How to Find Cinderella in the Bracket

David Roddy #21 of the Colorado State Rams. David Becker/Getty Images/AFP

Winning the office bracket pool is great, but for many people, an even bigger March Madness thrill comes from identifying the upsets and dark horses in the tournament field. Being the only person around to pick the 12-seed’s win over the No. 5 gives you bragging rights, as well as a tidy profit. Here’s how to find those Cinderella teams.     

With 68 candidates, how do you find the ones likely to be Cinderella in March? Here’s what the authors of past upsets often had in common.  

Experienced Guards 

Teams in the NCAA Tournament don’t know each other well and don’t have much time to scout, which is the polar opposite of what teams have gone through over the last two-plus months of conference play. That means that the value of having a “coach on the floor” is intensified. A skilled, experienced guard can control the pace of the game, slowing down an opponent that likes to run or speeding up a methodical foe. 

The most famous upset in NCAA history was No. 16 seed UMBC’s takedown of top-seeded Virginia in 2018. UMBC featured K.J. Maura, who was third-team All-Conference and the America East Defensive Player of the year, and Jairus Lyles, a first-team All-Conference player, and 20 ppg scorer.

Both members of the duo were senior guards. They were matched against Virginia’s Ty Jerome and Kyle Guy who, while both future NBA players, were sophomores. Jerome was in his first year as a starter. 

One Go-to Scorer 

Teams that go on a run of upsets in the tournament often ride on the back of a one-star player. Remember when No. 7 seed South Carolina upset No. 2 Duke and went to the Final Four in 2017? That run was fueled by a red hot stretch of play by their best player—Sindarius Thornwell.  

Davidson made a Final Four run in 2008, led by a guy named Steph Curry. Last year, after barely making the tournament field, UCLA went to the Final Four when Johnny Juzang got hot. Team play and balanced scoring are great but in a one-and-done tournament, you need a guy the team can always turn to. Look for a future pro ready to break out.     

Shooting Out the Lights 

Remember Princeton? The Ivy League darlings seemed to flirt with a monumental upset every year, giving top-seeded Georgetown and UNLV fits. Princeton never seemed to finish off those upsets, however, simply capturing everyone’s attention before falling in the end to bigger, more talented squads.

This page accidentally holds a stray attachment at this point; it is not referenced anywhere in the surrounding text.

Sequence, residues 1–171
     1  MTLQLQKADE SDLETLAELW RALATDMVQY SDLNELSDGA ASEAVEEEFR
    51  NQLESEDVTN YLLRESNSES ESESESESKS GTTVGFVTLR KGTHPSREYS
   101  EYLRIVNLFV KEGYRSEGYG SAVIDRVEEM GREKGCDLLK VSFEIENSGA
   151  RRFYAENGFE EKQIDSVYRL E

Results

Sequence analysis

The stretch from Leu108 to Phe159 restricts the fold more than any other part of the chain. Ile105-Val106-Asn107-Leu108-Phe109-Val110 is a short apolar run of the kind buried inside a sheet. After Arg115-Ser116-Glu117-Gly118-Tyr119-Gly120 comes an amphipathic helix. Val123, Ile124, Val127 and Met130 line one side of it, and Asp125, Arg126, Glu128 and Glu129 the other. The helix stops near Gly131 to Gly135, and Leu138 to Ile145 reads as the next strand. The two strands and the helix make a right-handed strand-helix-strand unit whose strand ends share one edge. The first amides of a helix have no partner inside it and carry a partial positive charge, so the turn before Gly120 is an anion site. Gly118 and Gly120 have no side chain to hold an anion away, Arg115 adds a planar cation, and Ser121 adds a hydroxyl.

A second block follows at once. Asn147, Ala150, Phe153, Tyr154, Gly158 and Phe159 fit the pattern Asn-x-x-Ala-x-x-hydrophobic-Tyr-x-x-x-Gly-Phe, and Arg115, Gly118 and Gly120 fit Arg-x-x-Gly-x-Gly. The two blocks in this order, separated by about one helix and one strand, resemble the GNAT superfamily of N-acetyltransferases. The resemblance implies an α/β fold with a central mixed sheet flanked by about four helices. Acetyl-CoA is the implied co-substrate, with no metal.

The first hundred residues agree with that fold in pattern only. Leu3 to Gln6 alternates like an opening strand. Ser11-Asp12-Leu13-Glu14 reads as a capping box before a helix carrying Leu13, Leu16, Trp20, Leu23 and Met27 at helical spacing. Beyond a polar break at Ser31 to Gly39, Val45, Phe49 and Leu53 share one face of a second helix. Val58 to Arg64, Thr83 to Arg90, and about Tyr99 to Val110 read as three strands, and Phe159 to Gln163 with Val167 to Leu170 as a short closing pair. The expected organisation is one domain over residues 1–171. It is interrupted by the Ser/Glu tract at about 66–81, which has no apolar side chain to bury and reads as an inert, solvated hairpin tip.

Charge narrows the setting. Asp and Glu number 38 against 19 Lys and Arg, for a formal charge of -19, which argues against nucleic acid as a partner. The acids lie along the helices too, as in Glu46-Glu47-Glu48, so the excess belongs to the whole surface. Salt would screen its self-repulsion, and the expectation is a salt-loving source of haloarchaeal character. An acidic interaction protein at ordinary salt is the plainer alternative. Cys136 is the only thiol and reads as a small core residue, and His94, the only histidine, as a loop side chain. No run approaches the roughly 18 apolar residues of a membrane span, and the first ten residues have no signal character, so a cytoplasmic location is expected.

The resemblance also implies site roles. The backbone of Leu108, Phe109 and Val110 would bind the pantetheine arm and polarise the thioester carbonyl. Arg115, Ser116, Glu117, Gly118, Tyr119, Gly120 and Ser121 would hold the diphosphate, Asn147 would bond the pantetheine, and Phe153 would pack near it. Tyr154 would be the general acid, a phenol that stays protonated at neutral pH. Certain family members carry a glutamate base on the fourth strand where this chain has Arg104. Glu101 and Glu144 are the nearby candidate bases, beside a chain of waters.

That’s because the Tigers simply didn’t hit enough shots. Against Georgetown—a one-point loss—Princeton made less than half their shots and was 5-of-16 from three.  

In order to spring the upset—or upsets—in the tournament, a team needs to be strong from the outside. Nothing turns a game faster than a hot stretch from three, and nothing keeps a better-seeded team from reestablishing dominance like a run-busting three-pointer for the underdog.  

Don’t be like Princeton and end up moaning over what might have been. Make sure your upset picks have the potential to knock down threes at a high rate.  

Experience in the Program and on the Sideline 

Look at some of the teams that have made Cinderella runs in the tournament in the last 10 years. No. 8 seed Kentucky in 2014, No. 7 Michigan State in 2015, No. 10 Syracuse in 2016, No. 11 UCLA last year. It’s endearing to think of the little school no one has heard of as the March Cinderella, but just as often, the glass slipper is worn by a blue blood team that has had a down year.  

March basketball is a different animal. It’s a string of strange arenas, odd tip times, unfamiliar opponents, and travel nightmares. Teams that have been through it before having a distinct advantage, as do coaches who have won in March before. Before putting money on an unheralded hotshot, take a look at the big names with bad seeds.